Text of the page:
Workshop with Karlyn Holman

I've just returned from a week long workshop with Karlyn Holman in Washburn Wisconsin. This is the 4th year in a row I've attended a workshop with her. Karlyn is such an inspiring person - she's created a wonderful life for herself in the arts. She is a great artist, she teaches in her studio and in workshops all over the world, she has a thriving business in an idyllic small town - she really is a wonder.

The first class I took with Karlyn a few years ago opened my eyes. Her success has inspired me change my life and pursue fine art as a career - something I never really believed was a feasible goal until I met Karlyn. Thank you, Karlyn - you are my inspiration!

Each year, Karlyn has new techniques to teach and new directions to take us. Each year I come away with inspiration to feed my studio time, incorporating the new ideas I've learned into my own work.

Below are my finished pieces derived from the lessons we worked on last week.

[nggallery id=43]


Now showing in Lincoln Park

On Thursday I installed my paintings at the new art gallery opening soon in Lincoln Park. It's called "Fortunate Discoveries", it's located at 1022 W Armitage, and is a similar business model to the Andersonville Galleria. I've signed a lease and I get a wall all to myself.

Fortunate Discoveries' focus is original artwork of all types. I am one of a few 2D artists showing there, and there are jewelers, photographers, sculptors, potters and more. It's a pretty fab place!

All the artists are installing their work this week. I decided to focus on my florals, still lifes and cheery landscapes seeing that spring has made an early appearance here in Chicago. If all goes well Fortunate Discoveries opens doors within a week. Soft opening meet and greet with the neighbors is April 1 and grand opening is Friday night, May 4 from 6-9pm. Hope to see you all there!



Summer white

Thank you to Frances Limoncelli and Ben Loomis of Chicago for purchasing the original of "Rainy Day Poppies" tonight at the Galleria! (I knew this team had good taste!) They also took home a print of "Summer white" - one of the monoprint series.

"Rainy day poppies" is the first of a series I am working on using watercolor on Yupo paper. Yupo is a kind of plastic paper. It is totally opposite to traditional watercolor paper as it does not soak up the paint at all and the painting only dries once the water evaporates.

Anyway - I had a lot of fun creating this painting and love that someone else loves it as much as me.

Thanks Frances and Ben!


Cray pas and watercolor? huh?

I had an idea last week - why not mix cray pas with watercolor? Oil and water could create unexpected and hopefully very cool results.

So, I tried drawing different images and lines on different kinds of paper and then painted watercolor on to it. The oily lines repelled the wet paint and retained the integrity of the lines. Dig it!

This concept allows for some really free design and color applications. Just getting started with the idea so the below are basically tests and experiments, but I have to say, I see endless possibilities!

[nggallery id=9]


Yupo, my friend

I am having a love affair with Yupo paper.

This paper is used in commercial printing and is actually a kind of plastic. This means it does not soak up water so a watercolor painting sits on top of the page and dries only when the water evaporates.

I'm working on a few different techniques, but so far I am having luck with a mixture of loads of paint, little water, plastic wrap for texture and sprinkles of sea salt.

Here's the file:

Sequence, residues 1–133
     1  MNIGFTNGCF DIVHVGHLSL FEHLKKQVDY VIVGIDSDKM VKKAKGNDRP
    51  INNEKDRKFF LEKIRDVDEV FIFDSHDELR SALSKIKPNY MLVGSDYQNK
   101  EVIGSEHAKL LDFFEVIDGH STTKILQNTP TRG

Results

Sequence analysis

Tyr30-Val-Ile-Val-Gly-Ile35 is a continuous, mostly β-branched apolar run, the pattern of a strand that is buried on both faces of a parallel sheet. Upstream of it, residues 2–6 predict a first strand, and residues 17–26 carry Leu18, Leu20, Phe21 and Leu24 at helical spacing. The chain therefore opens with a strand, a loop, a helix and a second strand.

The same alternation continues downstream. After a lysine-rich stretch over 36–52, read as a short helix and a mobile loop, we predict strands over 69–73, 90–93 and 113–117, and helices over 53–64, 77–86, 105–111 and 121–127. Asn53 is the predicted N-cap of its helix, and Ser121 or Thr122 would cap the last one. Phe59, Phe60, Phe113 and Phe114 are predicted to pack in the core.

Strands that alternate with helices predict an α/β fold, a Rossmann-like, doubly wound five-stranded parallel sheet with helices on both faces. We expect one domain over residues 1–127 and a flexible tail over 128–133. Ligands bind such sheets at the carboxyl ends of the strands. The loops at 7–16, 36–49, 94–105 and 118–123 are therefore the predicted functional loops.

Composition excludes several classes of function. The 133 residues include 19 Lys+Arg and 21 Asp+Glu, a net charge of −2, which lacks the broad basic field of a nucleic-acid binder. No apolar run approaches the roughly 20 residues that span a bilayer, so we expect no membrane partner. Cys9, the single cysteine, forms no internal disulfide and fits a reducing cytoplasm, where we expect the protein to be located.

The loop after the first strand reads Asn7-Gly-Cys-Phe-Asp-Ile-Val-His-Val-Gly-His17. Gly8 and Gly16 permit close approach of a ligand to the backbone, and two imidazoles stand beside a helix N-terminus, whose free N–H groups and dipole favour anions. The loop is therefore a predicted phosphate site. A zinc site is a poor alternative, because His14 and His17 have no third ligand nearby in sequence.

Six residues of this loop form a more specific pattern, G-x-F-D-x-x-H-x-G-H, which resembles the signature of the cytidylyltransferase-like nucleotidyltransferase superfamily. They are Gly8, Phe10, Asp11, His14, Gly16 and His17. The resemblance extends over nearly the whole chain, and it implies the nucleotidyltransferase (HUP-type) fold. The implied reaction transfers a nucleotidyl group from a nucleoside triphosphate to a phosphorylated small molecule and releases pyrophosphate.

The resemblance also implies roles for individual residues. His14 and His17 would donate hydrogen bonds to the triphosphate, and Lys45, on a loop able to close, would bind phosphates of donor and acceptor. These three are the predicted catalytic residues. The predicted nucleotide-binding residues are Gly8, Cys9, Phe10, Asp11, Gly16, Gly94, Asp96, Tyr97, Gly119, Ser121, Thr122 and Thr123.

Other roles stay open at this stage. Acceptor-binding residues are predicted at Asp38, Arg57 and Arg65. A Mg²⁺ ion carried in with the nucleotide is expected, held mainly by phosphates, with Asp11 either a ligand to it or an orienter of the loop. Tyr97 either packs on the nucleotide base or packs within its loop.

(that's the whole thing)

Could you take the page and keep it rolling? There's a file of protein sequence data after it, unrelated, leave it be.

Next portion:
The plastic wrap put on wet paint creates some very interesting and unexpected shapes. You can either let it dry (takes ages) and then remove the plastic... or you can remove it while the paint is still wet. The painting showed uses the latter technique. What I like about it is the unexpected swooshes of color mixes that you get by removing the sopping wet plastic wrap. Then while it's still super wet I throw on some salt and let it set for a while. I come back when it's partially dry and work in more wet color and then pick up the sides of the paper and allow it to drip across the page creating rivulets of color.

This one, once it was finished, really reminded me of a growing thing - moss or algae or maybe something seen at a molecular level. I decided to title it "Algae".

I really think this style and techniqe has potential for some amazing large scale paintings... stay tuned!

Pictured above, "Algae".


Fun with Yupo paper

Painting with Yupo paper is totally different from painting on watercolor paper. Yupo is a plastic substrate  - it's nonabsorbent - so when you put watercolor on it, it does not soak into the paper. You have to wait for the water to evaporate before the painting is dry.

The biggest plus I found so far is that you can keep changing your painting... over and over. Make a mistake and just wipe it right back up. No problem! if it's already dried, wet it a little an then wipe it up! Or dampen a clean brush and pull up small sections or lines of white. Wow!

Also, since the paint sits on top of the paper instead of soaking into it, it gives a totally different feel to your work. I am loving it. Below is a painting I did recently which I'm calling Rainy Day Poppies. I started out with a drawing of the poppies and then did a colorful under painting. Once that was dry I came in and painted the poppies with lots of paint and little water. After that dried, I misted water on the poppies and let them run. I'm totally loving the effect.

One thing to note, since the paint can be reactivated over and over by adding water, it's important to seal your finished paintings. I'm trying out a few different products but probably a clear archival fixative spray will be the best option.

Pictured above, "Rainy Day Poppies", watercolor on Yupo paper.


Sign up for the mailing list.

©2024 Rochelle Weiner Carr Fine Art, All Rights Reserved